One ever-present challenge for the kayak angler is having to decide what stays and what goes. This is where kayak tackle management can be key. Take too much and you may as well be lugging an anvil around all day. Take too little and find yourself in desperate need on the water. We sat down with 2016 KBF National Champion Matt Ball to discuss how he builds his manifest each time he hits the water.
Kayak Tackle Management: Taking What You Need
Everybody thinks they have to pare everything down for kayak fishing. Well yeah, you do compared to a bass boat, but I still take a lot of stuff. I want to be prepared for just about any situation. If there’s nothing but a lot of shallow grass present, then yeah that narrows down what I need to take. But I fish a lot of deeper lakes where I may be fishing 30-feet of water. It’s all a process of elimination for me.
You just have to narrow it down for the water you’re going to fish.
I have a couple boxes setup for river fishing. I know those are the type of baits that I’m going to use and that’s all I really need. If I’m fishing a lake, it’s the same kind of deal. I’ll leave the rest in my truck for pre-fishing.
The biggest thing for me is research on where I’m going to be fishing, looking at the conditions, and knowing what I should expect from the water before I get there. I do a lot of research before I go fishing. You can eliminate a lot of baits and weight out of your kayak that way. I’m not going to take a box of 10XDs to a shallow lake. That stays in the truck.
Kayak Tackle Management: Find Ways That Work for You
Terminal tackle is the one thing I use a lot of. I try to contain all of my terminal tackle to my Cal Coast Battle Box. It’s one of the best things that I have found so far for kayak fishing. It has a lot of little cylinders that you can put your weights and hooks in. The little pill bottle style deals. Say I’m throwing 1/4 ounce tungsten bullet weight and a 3/0 Extra Wide Gap hook, I’ll have those two things in my PFD and I never have to go in that box. That way I’m not constantly turning around looking for something if I break off.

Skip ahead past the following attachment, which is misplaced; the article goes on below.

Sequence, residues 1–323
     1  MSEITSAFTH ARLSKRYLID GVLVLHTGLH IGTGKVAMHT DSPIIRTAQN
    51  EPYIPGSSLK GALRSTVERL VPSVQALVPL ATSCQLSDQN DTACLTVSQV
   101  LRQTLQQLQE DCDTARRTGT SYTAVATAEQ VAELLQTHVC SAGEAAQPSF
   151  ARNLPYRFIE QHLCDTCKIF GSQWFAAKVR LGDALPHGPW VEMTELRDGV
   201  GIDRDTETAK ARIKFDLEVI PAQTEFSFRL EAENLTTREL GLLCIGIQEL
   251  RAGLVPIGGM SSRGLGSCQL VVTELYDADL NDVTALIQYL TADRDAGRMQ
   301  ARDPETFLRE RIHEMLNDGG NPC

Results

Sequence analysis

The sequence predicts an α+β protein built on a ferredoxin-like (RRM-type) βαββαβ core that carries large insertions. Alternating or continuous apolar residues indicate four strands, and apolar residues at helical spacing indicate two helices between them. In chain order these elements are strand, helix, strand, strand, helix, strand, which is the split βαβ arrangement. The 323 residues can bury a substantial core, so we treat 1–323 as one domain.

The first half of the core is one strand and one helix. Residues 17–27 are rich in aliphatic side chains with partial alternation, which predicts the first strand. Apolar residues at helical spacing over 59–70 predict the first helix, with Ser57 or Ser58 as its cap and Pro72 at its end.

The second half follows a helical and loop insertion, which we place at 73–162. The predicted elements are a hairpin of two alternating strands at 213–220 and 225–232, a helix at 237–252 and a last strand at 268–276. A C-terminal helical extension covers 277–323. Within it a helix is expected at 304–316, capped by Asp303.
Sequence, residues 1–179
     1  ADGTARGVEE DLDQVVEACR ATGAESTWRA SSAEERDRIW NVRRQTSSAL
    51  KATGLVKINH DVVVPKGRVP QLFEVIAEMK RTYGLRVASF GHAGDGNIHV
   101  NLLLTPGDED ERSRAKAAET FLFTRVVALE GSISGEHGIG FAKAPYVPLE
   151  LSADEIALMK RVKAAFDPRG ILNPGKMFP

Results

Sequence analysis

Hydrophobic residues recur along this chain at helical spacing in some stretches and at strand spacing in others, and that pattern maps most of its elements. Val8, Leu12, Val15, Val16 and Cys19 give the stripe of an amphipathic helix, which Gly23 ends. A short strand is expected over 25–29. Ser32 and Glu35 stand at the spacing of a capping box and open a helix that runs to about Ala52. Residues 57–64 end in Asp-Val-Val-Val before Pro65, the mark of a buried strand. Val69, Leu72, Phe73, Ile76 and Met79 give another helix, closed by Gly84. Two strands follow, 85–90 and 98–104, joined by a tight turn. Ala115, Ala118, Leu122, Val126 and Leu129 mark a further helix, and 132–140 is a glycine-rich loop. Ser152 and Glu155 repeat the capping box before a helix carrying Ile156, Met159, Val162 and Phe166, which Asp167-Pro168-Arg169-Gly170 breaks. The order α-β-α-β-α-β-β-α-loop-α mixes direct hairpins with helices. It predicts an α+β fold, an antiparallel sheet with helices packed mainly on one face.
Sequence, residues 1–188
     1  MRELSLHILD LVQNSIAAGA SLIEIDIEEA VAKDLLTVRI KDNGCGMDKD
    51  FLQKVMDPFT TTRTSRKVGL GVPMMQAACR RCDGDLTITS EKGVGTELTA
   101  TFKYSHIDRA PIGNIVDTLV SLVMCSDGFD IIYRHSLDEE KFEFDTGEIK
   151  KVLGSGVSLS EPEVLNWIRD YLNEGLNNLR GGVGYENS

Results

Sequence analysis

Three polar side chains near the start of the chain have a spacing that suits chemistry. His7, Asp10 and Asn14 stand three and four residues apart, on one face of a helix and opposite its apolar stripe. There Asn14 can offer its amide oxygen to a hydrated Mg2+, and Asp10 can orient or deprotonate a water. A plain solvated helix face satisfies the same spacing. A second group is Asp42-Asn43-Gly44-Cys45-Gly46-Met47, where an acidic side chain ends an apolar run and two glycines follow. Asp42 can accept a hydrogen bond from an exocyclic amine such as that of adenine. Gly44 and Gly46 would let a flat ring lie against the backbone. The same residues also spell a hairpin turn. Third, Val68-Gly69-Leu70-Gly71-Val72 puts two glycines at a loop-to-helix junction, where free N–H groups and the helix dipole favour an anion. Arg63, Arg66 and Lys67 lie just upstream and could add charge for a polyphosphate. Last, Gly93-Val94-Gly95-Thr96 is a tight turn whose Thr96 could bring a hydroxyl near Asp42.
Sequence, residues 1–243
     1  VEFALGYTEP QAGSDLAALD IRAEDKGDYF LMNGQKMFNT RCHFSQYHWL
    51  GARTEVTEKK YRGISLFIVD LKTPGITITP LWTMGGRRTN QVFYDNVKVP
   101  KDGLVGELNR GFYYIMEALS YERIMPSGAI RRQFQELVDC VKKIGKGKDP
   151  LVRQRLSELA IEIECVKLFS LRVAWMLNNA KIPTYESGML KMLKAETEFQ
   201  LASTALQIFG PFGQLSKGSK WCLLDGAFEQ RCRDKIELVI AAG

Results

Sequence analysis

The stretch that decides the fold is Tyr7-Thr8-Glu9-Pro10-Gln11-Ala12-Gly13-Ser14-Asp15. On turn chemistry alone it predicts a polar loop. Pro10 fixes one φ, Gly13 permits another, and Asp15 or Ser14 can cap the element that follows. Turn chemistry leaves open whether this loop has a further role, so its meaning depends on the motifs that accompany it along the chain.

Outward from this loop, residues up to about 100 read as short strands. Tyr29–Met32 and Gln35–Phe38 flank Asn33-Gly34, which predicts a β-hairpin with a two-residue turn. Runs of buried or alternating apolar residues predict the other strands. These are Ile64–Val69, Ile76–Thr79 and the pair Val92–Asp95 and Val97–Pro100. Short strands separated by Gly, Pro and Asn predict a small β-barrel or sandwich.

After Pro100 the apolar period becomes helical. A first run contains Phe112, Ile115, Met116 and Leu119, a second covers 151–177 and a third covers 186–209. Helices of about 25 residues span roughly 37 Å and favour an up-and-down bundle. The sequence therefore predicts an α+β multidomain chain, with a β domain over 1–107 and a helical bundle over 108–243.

I carry about 6 rods every time and that’s another thing that you’ve really got to watch. A place like Caddo where we fished the 2019 KBF National Championship, you can’t have those rods sticking up all behind you because they’re going to be snagged in those cypress trees all the time. You have to have your rods staged where they’re accessible but they’re not going to get in the way of your fishing.
Instead of taking a spinnerbait box and a buzzbait box and so on, I have a box that has 4 or 5 spinnerbaits of various colors and sizes. In that same box, I have my buzzbaits, a couple top toads, a couple of frogs.
You’re throwing baits in categories instead of having the whole box full of just one presentation.
Your kayak crate is everything when it comes to your kayak tackle management. I use the Jackson JKrate. It’ll hold two Cal Coast Battle Boxes and 3 or 4 3700 Plano boxes. Then I have two soft plastic bags that I’ll keep under the seat. That’s where I have to do the most weeding down. One thing that’s really helped me in a kayak is that I’m a big user of the Z-Man plastics. By using those, you can take a whole lot less. There are certain situations where a Z-Man bait doesn’t work because I don’t want a buoyant bait. But for the most part I use a bunch of the Z-Man stuff because I know I can take one pack and it’s going to last me all day.
Kayak Tackle Management: Stick to the Basics
The other thing I’ve learned to do, I pretty much stick with 3 basic colors in my soft plastics. The black and blue, the natural colors and then the shad colors. You can do pretty much anything with those colors. There are so many color variances these days, but you don’t have the luxury that you have in a bass boat to have 6 different variances of pumpkin seed.
I’ll start out with a lot more tackle pre-fishing than I really need. But by the time the tournament comes and I have a pattern figured out, I can eliminate a lot of stuff out of there. That helps on loading and unloading the kayak too. There are some necessities like rain gear that you simply have to have. You can’t have a lot of stuff, but with necessities like that, I usually have them compressed down in a dry bag.
There are a lot of tournaments where we can launch from any public land. So, you can save yourself a lot of hassle and time if you’re packing light and can just dump the boat in off the side of the road instead of having to paddle 2 miles. The guys that can really pare it down have a huge advantage, especially on the bigger water without a lot of access points.
You just learn and adjust over time as you figure out what works best for you.